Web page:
NRL News

China, the Low Countries, and lethal organ harvesting

by | Sep 22, 2016

By Dave Andrusko

Falun Dafa practitioners simulate organ harvesting in a mock Chinese labor camp to protest China's suspected abuse and killing of Falun Gong members, on April 23, 2006, in front of the Presidential Office in Taipei, Taiwan.

Falun Dafa practitioners simulate organ harvesting in a mock Chinese labor camp to protest China’s suspected abuse and killing of Falun Gong members, on April 23, 2006, in front of the Presidential Office in Taipei, Taiwan.

The photos in the New York Post (even if only simulated) are blood curdling. Along with the accompanying story, they are the most recent reminder of “The grim reality of human organ harvesting in China.” (The article originated elsewhere and was reprinted in the Post.)

We last posted about this scandal in August–“Transplant doctors clash over Chinese organ donor system.”  The primary pool of victims is prisoners, many of whom are prisoners of conscience.

We read in the Post story about the mind-numbing ordeal that begins with prisoners being restrained and drugged while their organs are removed. Sometimes (you wouldn’t think very often) they make it out alive after having an organ or organs removed

Or you might be secretly executed.

There’s also a strong chance you might die on the operating table after surgeons sedate you and start removing organs from your body, one by one — while you’re still alive.

Meanwhile, wealthy people will file into purpose-built hospitals for lifesaving organ transplants. The selection of human kidneys, livers and other organs is vast.

That’s because thousands of people have been slaughtered to put them there. Organ harvesting is a lucrative business for the Chinese government.

That is the reality for thousands of Chinese citizens who have reportedly been subjected to forced medical testing for the purposes of organ harvesting for the best part of the past two decades.

Sophia Bryskine, spokeswoman for the Australian branch of Doctor Against Forced Organ Harvesting, said, “China hasn’t even confirmed prisoners of conscience have been killed for their organs. They only said they stopped the practice for executed prisoners who had death sentences.” Of the Chinese legal system, she said simply, “It is corrupt,” adding, “It has to stop.”

The distinction between the West and China was that in the West, they wait for your death and then take your organs while in China they make you dead and take your organs. That distinction is quickly blurring.

In the Wild, Wild West known as Belgium and the Netherlands, euthanasia by lethal injection has already been coupled with organ donation. Who is “eligible”? As you would anticipate, proponents see a virtual sea of potential donors. Note they are getting less and less concerned whether the person is dead and more and more cavalier about voluntary consent.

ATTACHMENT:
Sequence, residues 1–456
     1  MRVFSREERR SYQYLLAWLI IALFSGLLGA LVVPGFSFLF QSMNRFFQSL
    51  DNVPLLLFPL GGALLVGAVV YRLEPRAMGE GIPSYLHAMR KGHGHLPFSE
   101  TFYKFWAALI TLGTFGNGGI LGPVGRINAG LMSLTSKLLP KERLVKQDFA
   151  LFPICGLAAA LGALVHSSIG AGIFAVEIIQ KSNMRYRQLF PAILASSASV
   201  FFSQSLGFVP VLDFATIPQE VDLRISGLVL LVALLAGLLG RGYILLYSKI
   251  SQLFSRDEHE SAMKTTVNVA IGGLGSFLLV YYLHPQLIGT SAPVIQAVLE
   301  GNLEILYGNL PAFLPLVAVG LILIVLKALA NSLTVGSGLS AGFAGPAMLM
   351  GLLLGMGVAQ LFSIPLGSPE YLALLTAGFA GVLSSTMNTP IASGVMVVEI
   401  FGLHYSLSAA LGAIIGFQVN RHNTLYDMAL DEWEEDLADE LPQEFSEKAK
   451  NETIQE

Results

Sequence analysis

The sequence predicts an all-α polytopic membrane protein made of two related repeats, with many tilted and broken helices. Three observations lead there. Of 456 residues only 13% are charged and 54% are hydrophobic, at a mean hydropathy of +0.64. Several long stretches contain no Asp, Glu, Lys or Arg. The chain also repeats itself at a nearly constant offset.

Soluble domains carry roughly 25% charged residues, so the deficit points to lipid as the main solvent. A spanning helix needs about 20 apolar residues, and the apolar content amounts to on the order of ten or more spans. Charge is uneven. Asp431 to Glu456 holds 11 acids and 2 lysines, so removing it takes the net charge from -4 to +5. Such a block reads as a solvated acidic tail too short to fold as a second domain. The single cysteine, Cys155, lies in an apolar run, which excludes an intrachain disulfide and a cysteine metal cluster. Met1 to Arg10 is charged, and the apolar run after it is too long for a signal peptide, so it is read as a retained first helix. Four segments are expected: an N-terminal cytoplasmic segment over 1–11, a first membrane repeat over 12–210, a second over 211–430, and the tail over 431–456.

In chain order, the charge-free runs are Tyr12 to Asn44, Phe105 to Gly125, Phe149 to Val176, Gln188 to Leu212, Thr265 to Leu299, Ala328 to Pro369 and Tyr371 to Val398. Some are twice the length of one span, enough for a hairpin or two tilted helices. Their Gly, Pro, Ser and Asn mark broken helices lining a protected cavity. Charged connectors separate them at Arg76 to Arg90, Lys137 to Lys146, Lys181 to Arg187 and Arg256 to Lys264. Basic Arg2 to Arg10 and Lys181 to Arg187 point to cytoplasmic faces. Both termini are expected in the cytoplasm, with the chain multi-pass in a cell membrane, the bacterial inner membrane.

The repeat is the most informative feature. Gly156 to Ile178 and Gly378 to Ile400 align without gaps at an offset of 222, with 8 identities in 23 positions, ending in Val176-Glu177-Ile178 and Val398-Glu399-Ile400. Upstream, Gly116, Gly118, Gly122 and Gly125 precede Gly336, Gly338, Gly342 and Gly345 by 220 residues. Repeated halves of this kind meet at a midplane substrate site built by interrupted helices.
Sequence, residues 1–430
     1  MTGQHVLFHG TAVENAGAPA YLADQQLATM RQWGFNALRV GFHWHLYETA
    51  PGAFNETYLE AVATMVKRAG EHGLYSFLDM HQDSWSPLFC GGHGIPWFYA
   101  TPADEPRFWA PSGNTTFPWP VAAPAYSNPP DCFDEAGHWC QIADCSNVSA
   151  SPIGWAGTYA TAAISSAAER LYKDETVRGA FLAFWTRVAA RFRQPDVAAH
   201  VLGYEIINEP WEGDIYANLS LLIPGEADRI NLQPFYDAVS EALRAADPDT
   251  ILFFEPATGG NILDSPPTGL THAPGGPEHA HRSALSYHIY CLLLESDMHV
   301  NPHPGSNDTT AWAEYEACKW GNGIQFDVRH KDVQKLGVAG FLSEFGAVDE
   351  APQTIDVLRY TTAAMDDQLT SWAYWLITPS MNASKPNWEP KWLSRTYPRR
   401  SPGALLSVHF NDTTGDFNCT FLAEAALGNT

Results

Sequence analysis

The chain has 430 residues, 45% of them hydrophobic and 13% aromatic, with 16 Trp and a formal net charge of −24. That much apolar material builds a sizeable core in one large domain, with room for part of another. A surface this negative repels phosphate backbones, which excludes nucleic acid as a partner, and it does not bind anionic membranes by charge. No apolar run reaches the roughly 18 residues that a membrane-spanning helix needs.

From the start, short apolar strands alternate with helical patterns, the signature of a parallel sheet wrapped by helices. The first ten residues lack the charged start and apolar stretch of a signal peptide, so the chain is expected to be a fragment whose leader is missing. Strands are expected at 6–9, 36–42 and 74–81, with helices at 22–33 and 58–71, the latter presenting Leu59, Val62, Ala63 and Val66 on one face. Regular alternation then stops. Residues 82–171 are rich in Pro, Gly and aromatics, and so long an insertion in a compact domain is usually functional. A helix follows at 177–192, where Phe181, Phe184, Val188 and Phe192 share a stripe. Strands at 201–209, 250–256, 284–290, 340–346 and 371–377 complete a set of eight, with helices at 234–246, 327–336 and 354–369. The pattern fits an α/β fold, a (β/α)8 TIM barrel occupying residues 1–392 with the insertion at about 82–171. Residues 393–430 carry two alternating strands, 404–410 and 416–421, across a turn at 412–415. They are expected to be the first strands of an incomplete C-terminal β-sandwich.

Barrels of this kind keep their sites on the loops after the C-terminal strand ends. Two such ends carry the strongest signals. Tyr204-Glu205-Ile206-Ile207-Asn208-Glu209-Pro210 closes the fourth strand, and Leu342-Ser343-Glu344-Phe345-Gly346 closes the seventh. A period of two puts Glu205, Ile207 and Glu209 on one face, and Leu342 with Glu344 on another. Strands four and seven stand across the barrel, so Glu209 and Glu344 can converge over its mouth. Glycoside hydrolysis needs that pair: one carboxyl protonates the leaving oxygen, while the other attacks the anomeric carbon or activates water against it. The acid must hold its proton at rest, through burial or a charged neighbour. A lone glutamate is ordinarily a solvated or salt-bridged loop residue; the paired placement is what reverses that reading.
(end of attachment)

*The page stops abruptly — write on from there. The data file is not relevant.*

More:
For example, earlier this year, Wesley Smith wrote

“An article just published in the Journal of Medical Ethics epitomizes the argument. The authors—an assortment of Netherlander and Belgian medical professors—suggest changing their countries’ euthanasia laws to allow sick, disabled, and mentally ill people who want to die (all eligible for euthanasia in both countries) to opt for live harvesting instead of lethal injection.”

Wesley then quoted from the article:

The dead donor rule states that donation should not cause or hasten death. Since a patient undergoing euthanasia has chosen to die, it is worth arguing that the no-touch time [the wait between cardiac arrest and procurement] could be skipped . . . contributing to the quality of the transplanted organs. It is even possible to extend this argument to a ‘heart-beating organ donation euthanasia’ where a patient is sedated, after which his organs are being removed, causing death.

The calls is to eliminate the “dead donor rule”–what Wesley calls “the ethical backbone of organ transplant medicine requiring that a patient die naturally from injury or illness before vital organs can be procured”–grow louder and more shrill. “These advocates argue that consent should be the primary ethical concern and criteria for organ harvesting—not that a donor is dead,” Wesley explains.

Note the invidious next step: “Thus if living patients or their surrogates give the okay, doctors should be allowed to euthanize by means of live harvesting.”

Belgium and the Netherlands are not China. No prisoner is having their organs forcibly taken from them. I understand that.

But note how some prisoners are already insisting they be allowed to be euthanized and their organs extracted.

In the utilitarian world of the modern bioethicist–whose mantra is increasing (by hook or by crook) the “total amount of happiness”–why would we be surprised if they weren’t the first to say, “Go for it!”

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Categories: Organ Harvesting